With the most minimal dialogue, the film suggests a broken romantic relationship as the reason for Jung’s deep melancholy, but his alienation is also registered via his difficulty in communicating and understanding his life in Singapore. He works nights, smokes incessantly, takes pills (to sleep?), and listens to rueful music. He rarely speaks throughout the film: On one occasion he struggles to order an ice cream from a street vender; on another he speaks a few lines in Korean to the boy, tapping fingers to his head and heart. (“Do you know where people you love go when they die? In your head and in your heart.”) Tan deliberately does not translate any of the Korean in the film — such as song lyrics (moodily recounting a lovers’ walk along the sea) by the late Korean folk-singer Kim Kwang Seok or the man’s few utterances. Also, no translation is given for the few Korean characters the young man writes to the boy saying, “Thank you,” in a note after he leaves the boy a glass of orange juice and a cup of his favorite instant beef noodles. The effects of silence and unintelligibility are further distancing, even when it appears that the man and boy have begun to make some potential connections with each other.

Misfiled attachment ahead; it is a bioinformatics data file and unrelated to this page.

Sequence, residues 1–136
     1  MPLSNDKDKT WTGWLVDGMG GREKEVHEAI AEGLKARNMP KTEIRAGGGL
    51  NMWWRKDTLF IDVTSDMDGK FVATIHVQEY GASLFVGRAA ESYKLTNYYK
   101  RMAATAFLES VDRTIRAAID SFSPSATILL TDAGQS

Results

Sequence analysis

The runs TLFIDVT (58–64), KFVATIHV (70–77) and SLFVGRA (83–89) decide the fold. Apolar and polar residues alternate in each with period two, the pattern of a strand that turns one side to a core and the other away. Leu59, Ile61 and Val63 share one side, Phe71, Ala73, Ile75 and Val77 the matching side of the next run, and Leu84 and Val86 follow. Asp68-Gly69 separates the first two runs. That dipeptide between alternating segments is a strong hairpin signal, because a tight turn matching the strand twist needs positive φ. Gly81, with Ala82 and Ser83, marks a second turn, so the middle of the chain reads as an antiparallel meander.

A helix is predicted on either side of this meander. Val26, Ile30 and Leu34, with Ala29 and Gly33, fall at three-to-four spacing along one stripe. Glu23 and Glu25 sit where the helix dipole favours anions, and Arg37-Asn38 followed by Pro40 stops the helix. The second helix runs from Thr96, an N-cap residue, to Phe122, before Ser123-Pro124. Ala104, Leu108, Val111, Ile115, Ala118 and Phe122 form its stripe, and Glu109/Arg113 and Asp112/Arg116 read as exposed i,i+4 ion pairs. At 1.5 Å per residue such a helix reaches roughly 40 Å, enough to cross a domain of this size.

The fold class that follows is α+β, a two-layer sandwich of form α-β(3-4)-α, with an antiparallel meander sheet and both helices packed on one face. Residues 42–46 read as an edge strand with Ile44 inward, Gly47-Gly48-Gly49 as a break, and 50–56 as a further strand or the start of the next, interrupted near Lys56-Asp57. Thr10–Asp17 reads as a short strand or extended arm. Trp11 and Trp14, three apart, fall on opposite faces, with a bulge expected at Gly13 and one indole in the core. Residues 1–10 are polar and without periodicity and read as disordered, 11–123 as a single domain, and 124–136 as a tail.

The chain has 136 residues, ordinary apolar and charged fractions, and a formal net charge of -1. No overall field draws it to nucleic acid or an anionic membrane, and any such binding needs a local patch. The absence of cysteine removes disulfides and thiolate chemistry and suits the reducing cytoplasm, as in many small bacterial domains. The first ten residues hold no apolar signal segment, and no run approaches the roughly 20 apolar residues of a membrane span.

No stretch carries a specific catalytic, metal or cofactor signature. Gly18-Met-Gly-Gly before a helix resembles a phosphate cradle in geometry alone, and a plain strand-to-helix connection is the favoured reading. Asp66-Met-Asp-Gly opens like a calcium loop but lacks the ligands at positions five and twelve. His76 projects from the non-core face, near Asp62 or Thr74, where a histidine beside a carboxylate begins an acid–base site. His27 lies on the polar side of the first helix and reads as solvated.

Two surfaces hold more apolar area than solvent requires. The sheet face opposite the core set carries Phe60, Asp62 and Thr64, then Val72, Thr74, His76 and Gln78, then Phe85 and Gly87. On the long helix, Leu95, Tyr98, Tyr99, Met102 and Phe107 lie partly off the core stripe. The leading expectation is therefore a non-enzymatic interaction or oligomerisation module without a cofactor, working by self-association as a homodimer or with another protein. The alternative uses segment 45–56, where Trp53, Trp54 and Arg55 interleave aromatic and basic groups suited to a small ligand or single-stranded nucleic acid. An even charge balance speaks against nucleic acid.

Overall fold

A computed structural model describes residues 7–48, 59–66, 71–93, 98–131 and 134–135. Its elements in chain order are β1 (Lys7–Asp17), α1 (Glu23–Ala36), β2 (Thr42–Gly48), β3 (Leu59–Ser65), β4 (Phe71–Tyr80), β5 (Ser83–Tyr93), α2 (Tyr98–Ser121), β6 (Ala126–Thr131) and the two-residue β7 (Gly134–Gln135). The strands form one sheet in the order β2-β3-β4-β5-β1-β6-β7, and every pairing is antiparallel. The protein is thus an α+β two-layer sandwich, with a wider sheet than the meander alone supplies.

Through various cinematic and narrative devices, Tan draws parallels between the lonely boy and his adult counterpart. In one ironic scene, disaffected Xiao Wu’s strident English-speaking teacher comments on Singaporean citizenship. Isolated student Jung also clearly never feels at home throughout, as a perpetual outsider or foreigner in this seemingly pluralistic society. On one of the few occasions when the boy’s absent mother (on business in mainland China) calls, she asks about the Korean “uncle”(a Mandarin term the boy uses throughout to refer to other adult male figures). And the boy writes an embroideredly fictional school composition about his hero, his Korean “dad” who seldom smiles and smells of “baby Johnson’s powder and beer.” The boy’s playful Singlish syntax likewise colors outside the lines of the “proper” grammatically-correct English promoted by the state (which launched an ongoing “Speak Good English Campaign” in 2000 under then Prime Minister Goh Chok Tong.) This scene is arguably as an indictment of intolerance of nonconformity in Singapore, as much as it is a critique of the inadequacies of the school system.